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Opinion | A Rhode Islander Reconciles Herself to Calamari

Back in 2014, State Representative McNamara and State Senator Susan Sosnowski submitted a bill to give fried squid the official state imprimatur, on the basis that Rhode Island is home to the largest squid-fishing fleet in the Northeast region. “Squid is to Rhode Island what lobster is to Maine and cod is to Massachusetts,” declared the bill, raising eyebrows across the state. According to The Daily Beast, while some Rhode Islanders were irritated that the legislature was spending valuable time debating the merits of seafood dishes at all, many others simply balked at the idea of elevating calamari over clams.

Up until recently, I would have counted myself among them. I did not like calamari.

I was a kid in 1996, when calamari peaked in popularity and became a staple of restaurant dining tables around the region. But it was particularly ubiquitous in Rhode Island: The country’s smallest state is also one of its most Italian, and nearly one in five Rhode Islanders claim Italian ancestry.

This was mostly to my dismay. Because to a naïve kid, the crispy, golden halos looked enticing — like onion rings fresh from the fryer. Except when I held a piece to my mouth and bit into it, I encountered a rubbery mass instead. I never quite recovered from the bait and switch. I wrote off calamari for years, contenting myself with stuffies, clam cakes, chowder, and other quahog dishes; the clam’s mild brininess buried beneath dense fritter dough or creamy broth was much more amenable to my childhood palate.

But the once mighty quahog industry, which has dominated Rhode Island seafood since the 1940s, has struggled recently: prices for clams have stagnated. At the same time, as the American palate has evolved, the demand for squid has increased. Today, Rhode Island’s squid industry — valued at about $18 million per year — is the biggest commercial fishery in the state and the most valuable squid fishery in the Northeast. “We have something that really distinguishes Rhode Island from every other state,” Mr. McNamara told The Associated Press in 2013. Sure, other Northeast states might have calamari — but do they have this much calamari?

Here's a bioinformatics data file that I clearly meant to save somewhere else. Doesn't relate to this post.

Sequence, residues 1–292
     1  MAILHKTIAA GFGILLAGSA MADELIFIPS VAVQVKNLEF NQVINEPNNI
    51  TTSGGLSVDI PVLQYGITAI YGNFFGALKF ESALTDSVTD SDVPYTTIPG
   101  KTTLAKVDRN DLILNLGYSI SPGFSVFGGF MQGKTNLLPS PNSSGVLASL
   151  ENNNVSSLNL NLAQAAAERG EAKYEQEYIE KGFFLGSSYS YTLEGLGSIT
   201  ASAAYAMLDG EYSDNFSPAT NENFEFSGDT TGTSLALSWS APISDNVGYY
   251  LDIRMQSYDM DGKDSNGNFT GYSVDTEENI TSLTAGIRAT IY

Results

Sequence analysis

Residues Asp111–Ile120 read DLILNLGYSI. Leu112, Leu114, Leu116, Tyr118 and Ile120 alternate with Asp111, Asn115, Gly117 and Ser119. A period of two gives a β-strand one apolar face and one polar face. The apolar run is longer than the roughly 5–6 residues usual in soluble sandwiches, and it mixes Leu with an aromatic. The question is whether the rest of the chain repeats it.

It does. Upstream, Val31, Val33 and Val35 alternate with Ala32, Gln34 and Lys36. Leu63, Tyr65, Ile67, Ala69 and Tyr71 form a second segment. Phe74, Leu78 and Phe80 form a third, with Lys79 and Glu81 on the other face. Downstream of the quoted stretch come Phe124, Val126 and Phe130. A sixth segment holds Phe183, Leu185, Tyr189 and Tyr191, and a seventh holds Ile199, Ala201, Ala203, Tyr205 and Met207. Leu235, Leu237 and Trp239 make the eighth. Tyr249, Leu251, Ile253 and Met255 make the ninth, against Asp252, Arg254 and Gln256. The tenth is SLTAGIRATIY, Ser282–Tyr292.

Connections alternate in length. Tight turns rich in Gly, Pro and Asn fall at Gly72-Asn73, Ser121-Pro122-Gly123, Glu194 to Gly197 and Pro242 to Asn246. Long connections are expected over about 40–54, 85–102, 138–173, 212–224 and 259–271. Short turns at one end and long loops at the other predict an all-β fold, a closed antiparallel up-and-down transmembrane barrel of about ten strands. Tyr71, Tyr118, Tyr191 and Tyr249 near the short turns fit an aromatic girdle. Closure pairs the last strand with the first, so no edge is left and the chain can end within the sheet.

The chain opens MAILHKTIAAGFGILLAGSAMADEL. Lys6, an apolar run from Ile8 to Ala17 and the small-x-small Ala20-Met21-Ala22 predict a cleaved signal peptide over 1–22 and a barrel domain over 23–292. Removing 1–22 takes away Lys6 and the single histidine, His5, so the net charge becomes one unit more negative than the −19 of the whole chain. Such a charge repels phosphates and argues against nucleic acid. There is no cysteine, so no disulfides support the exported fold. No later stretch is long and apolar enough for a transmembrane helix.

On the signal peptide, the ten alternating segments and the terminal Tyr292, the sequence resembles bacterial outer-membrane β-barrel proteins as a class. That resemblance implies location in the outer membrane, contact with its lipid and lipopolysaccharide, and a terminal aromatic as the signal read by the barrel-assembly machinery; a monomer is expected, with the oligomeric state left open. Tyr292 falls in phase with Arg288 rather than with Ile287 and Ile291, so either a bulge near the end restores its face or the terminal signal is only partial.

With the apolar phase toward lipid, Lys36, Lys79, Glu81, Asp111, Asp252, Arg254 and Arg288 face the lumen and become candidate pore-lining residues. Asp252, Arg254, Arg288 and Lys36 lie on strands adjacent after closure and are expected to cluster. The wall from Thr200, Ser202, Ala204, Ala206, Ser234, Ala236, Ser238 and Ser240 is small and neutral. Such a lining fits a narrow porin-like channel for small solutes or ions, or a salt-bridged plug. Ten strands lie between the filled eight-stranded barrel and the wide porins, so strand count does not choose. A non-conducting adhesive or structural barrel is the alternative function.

Still, like the rest of the country, Rhode Island, which struggled to recover from the 2008 recession, is facing a new set of challenges as a result of the pandemic. According to the Providence Journal, the fishing industry was walloped in March when the state shut down restaurants and many wholesalers stopped buying seafood altogether. In response, the state temporarily changed industry regulations and permitted fishermen to sell directly to consumers. Today “our state appetizer, calamari, is available in all 50 states,” Mr. McNamara proclaimed on Tuesday.

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